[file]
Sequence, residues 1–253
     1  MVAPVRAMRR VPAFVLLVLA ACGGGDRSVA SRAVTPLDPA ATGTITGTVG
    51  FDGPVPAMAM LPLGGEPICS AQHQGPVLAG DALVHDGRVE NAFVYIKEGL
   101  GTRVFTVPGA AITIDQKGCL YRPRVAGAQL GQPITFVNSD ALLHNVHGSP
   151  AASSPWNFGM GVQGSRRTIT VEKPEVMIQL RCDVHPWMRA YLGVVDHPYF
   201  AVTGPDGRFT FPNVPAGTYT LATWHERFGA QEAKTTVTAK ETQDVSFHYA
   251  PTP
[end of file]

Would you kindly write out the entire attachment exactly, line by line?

Sequence, residues 1–253
     1  MVAPVRAMRR VPAFVLLVLA ACGGGDRSVA SRAVTPLDPA ATGTITGTVG
    51  FDGPVPAMAM LPLGGEPICS AQHQGPVLAG DALVHDGRVE NAFVYIKEGL
   101  GTRVFTVPGA AITIDQKGCL YRPRVAGAQL GQPITFVNSD ALLHNVHGSP
   151  AASSPWNFGM GVQGSRRTIT VEKPEVMIQL RCDVHPWMRA YLGVVDHPYF
   201  AVTGPDGRFT FPNVPAGTYT LATWHERFGA QEAKTTVTAK ETQDVSFHYA
   251  PTP